What if you had to pay a month’s wages up front just to get a job?
It’s a concept that’s largely foreign to Western culture, but bonded servitude is still rampant in other parts of the world, namely Asia. That also happens to be where much of Apple’s supply chain is located, and starting today the company is cracking down on the corrupt practice.
Apple is taking on “hundreds” of new engineers and supply-chain managers in China and Taiwan in an effort to speed up product development and offer a greater range of devices, The Wall Street Journal reports.
The Cupertino company has reportedly poached staff from HTC and other rival firms to create new teams in Shanghai and Taipei.
Apple has today announced that iBooks Textbooks and iTunes U Course Manager are expanding into new markets across Asia, Latin America, Europe, and other countries around the world. The expansions brings the total number of countries supported by iBooks Textbooks up to 51, while iTunes U Course Manager is now available in 70, including Russia, Thailand and Malaysia.
There’s a belief that Apple makes new engineers work on fake products until they can be trusted. According one of the company’s former employees, Adam Lashinsky, who published the book Inside Apple last January, the Cupertino company hires people into so-called “dummy positions” until it’s confident that they can be a part of upcoming products without leaking information.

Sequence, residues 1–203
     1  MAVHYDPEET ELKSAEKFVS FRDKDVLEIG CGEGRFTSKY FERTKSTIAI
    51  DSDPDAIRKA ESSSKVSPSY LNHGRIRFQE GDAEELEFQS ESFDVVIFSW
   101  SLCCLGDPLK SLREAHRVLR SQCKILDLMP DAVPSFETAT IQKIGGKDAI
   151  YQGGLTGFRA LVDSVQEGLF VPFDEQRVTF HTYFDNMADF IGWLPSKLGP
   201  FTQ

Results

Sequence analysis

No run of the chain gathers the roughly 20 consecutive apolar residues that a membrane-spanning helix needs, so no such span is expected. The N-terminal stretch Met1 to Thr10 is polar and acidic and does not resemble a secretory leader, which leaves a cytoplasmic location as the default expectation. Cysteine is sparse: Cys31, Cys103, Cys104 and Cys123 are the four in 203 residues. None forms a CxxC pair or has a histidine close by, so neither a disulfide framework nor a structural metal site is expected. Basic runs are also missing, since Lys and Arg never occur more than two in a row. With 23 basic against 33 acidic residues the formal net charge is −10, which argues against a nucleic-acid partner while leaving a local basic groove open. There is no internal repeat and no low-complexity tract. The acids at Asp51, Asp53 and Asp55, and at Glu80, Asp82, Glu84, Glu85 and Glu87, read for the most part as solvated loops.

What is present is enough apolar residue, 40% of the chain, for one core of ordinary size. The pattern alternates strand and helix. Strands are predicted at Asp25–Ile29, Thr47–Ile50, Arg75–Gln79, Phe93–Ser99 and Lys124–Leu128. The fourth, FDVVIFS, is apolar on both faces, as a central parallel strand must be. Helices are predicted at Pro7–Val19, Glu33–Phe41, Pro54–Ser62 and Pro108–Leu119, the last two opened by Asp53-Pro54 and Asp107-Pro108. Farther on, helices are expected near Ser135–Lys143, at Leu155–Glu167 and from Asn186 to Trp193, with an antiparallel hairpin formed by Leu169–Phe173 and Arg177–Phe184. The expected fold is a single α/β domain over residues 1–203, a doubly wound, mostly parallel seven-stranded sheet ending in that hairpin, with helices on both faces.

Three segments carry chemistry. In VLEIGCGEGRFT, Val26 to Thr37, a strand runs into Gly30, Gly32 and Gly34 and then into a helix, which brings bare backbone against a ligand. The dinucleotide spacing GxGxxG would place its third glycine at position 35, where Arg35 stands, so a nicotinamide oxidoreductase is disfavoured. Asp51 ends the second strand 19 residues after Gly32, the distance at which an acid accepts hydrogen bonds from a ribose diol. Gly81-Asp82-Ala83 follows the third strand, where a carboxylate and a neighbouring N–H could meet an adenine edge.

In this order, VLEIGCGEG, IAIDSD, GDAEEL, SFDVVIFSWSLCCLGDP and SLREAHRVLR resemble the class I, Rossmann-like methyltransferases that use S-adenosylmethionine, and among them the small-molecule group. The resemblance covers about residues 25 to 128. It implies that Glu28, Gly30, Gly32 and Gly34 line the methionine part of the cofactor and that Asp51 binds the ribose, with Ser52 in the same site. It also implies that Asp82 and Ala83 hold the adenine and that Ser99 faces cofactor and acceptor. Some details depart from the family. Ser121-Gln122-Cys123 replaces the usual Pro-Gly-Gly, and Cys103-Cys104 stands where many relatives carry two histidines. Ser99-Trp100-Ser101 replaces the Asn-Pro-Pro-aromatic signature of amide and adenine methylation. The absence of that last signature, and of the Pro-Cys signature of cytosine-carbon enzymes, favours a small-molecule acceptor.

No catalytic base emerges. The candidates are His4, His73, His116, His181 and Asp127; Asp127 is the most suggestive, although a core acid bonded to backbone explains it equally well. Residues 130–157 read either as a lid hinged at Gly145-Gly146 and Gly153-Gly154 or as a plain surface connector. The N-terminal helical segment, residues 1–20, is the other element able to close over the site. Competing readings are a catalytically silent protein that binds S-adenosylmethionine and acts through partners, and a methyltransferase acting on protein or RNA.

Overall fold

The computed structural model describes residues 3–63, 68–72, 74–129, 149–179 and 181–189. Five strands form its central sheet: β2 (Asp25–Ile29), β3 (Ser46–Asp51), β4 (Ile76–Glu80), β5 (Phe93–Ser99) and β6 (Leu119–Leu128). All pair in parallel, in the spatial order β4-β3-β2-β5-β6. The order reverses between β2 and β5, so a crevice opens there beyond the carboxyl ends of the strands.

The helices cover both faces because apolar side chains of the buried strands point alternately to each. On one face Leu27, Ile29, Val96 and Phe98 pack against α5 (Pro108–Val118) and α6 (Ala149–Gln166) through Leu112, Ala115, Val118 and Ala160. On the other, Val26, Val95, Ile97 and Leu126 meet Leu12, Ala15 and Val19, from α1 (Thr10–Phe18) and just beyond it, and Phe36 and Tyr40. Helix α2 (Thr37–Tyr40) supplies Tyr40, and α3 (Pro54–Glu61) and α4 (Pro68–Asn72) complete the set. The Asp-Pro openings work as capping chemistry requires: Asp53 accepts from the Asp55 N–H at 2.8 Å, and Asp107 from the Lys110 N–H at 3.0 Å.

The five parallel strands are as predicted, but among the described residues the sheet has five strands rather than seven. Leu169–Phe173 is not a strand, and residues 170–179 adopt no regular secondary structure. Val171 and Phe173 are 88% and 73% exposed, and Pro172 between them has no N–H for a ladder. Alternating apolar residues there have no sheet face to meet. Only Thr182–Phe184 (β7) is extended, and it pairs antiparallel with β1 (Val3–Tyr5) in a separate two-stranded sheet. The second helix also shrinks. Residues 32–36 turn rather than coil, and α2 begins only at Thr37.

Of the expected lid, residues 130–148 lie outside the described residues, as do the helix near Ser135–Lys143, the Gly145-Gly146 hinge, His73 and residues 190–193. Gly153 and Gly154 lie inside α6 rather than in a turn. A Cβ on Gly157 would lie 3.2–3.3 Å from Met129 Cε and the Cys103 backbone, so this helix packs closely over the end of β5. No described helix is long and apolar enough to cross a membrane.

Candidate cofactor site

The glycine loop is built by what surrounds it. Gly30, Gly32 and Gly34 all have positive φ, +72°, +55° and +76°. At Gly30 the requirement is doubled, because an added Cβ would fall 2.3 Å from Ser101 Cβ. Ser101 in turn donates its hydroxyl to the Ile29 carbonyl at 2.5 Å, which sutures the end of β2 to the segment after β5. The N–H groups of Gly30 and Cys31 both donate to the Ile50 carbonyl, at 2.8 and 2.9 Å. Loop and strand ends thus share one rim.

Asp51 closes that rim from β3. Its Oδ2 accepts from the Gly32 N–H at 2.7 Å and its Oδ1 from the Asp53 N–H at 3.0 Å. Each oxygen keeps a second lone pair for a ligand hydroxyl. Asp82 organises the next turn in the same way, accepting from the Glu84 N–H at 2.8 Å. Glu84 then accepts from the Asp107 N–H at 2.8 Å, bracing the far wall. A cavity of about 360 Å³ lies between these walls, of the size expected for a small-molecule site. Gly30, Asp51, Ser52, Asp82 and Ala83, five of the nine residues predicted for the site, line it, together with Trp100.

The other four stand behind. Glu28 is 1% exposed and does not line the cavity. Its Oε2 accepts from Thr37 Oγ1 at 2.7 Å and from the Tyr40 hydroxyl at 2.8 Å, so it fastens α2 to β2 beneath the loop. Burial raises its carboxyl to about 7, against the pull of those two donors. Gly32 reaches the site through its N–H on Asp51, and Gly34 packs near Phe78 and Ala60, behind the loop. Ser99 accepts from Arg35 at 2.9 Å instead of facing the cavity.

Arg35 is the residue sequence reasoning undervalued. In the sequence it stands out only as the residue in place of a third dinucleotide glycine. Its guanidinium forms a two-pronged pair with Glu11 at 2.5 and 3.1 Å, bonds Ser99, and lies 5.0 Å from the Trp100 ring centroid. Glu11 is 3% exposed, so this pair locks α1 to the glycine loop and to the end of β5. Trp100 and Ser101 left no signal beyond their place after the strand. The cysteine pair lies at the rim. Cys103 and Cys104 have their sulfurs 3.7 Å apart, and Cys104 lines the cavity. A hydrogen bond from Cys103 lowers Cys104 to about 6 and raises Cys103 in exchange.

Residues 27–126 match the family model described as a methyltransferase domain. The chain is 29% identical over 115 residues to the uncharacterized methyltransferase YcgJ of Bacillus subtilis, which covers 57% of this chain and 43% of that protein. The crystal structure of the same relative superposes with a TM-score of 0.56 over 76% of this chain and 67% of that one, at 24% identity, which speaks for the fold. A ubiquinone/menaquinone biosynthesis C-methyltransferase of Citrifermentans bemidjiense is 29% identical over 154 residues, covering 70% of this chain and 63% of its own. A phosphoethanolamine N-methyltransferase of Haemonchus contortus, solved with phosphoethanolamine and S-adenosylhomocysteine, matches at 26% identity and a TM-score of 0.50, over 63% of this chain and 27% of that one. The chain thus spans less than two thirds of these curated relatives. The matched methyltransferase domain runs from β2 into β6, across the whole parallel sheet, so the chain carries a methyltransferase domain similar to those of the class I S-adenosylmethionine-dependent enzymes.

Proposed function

But how accurate are those claims? We know Apple takes secrecy very seriously, but would it really waste time and money on giving people fake projects just to ensure they won’t squeal?
Apple has begun testing high-resolution television set designs with manufacturing partners in Asia, according to a new report from The Wall Street Journal that cites unnamed sources within Foxconn. Both Foxconn and display manufacturer Sharp are said to be involved in the process, which is still in its early stages.
Hardware news site Kitguru.net has put up an extensive gallery of images which they believe is the iPhone 5 in the wild. We disagree: this is pretty clearly a rough model someone has put together for the purpose of getting the jump on making cases or accessories. But it still shows what the consensus is amongst accessory makers with ties to the Far East about what the next iPhone will look like.
What the iPad mini may look like up against its siblings.
Following yesterday’s report from Bloomberg that revealed Apple plans to release the long-awaited iPad mini this September, a new report from The Wall Street Journal has this morning added even further credence to those claims.
According to “people familiar with the matter,” Apple’s suppliers are preparing for mass production of a new iPad with a display smaller than 8 inches, which is expected to begin in September.
The App Store extends its reach across Africa, Asia, and Europe.
With the incredible success of the App Store, sometimes it’s easy to forgot that there are still many, many countries the world over that don’t have access to it yet. That number has been reduced today, however, as Apple brings its mobile marketplace to another 32 countries, bringing the total number of countries with access to the App Store to 155.